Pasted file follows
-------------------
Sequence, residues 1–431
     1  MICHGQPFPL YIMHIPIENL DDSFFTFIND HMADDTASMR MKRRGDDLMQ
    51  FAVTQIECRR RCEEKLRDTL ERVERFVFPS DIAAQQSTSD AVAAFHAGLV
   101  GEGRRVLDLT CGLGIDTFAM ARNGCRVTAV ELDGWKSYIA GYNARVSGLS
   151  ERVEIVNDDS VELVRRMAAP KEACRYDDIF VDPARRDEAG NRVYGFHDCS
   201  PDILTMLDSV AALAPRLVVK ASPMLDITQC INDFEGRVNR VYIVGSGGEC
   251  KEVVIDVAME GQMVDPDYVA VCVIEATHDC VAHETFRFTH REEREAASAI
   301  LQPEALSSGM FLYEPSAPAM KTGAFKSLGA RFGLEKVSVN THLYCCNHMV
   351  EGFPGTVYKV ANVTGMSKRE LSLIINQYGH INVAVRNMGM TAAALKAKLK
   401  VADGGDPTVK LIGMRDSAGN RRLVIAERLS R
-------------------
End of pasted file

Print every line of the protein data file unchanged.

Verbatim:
Sequence, residues 1–431
     1  MICHGQPFPL YIMHIPIENL DDSFFTFIND HMADDTASMR MKRRGDDLMQ
    51  FAVTQIECRR RCEEKLRDTL ERVERFVFPS DIAAQQSTSD AVAAFHAGLV
   101  GEGRRVLDLT CGLGIDTFAM ARNGCRVTAV ELDGWKSYIA GYNARVSGLS
   151  ERVEIVNDDS VELVRRMAAP KEACRYDDIF VDPARRDEAG NRVYGFHDCS
   201  PDILTMLDSV AALAPRLVVK ASPMLDITQC INDFEGRVNR VYIVGSGGEC
   251  KEVVIDVAME GQMVDPDYVA VCVIEATHDC VAHETFRFTH REEREAASAI
   301  LQPEALSSGM FLYEPSAPAM KTGAFKSLGA RFGLEKVSVN THLYCCNHMV
   351  EGFPGTVYKV ANVTGMSKRE LSLIINQYGH INVAVRNMGM TAAALKAKLK
   401  VADGGDPTVK LIGMRDSAGN RRLVIAERLS R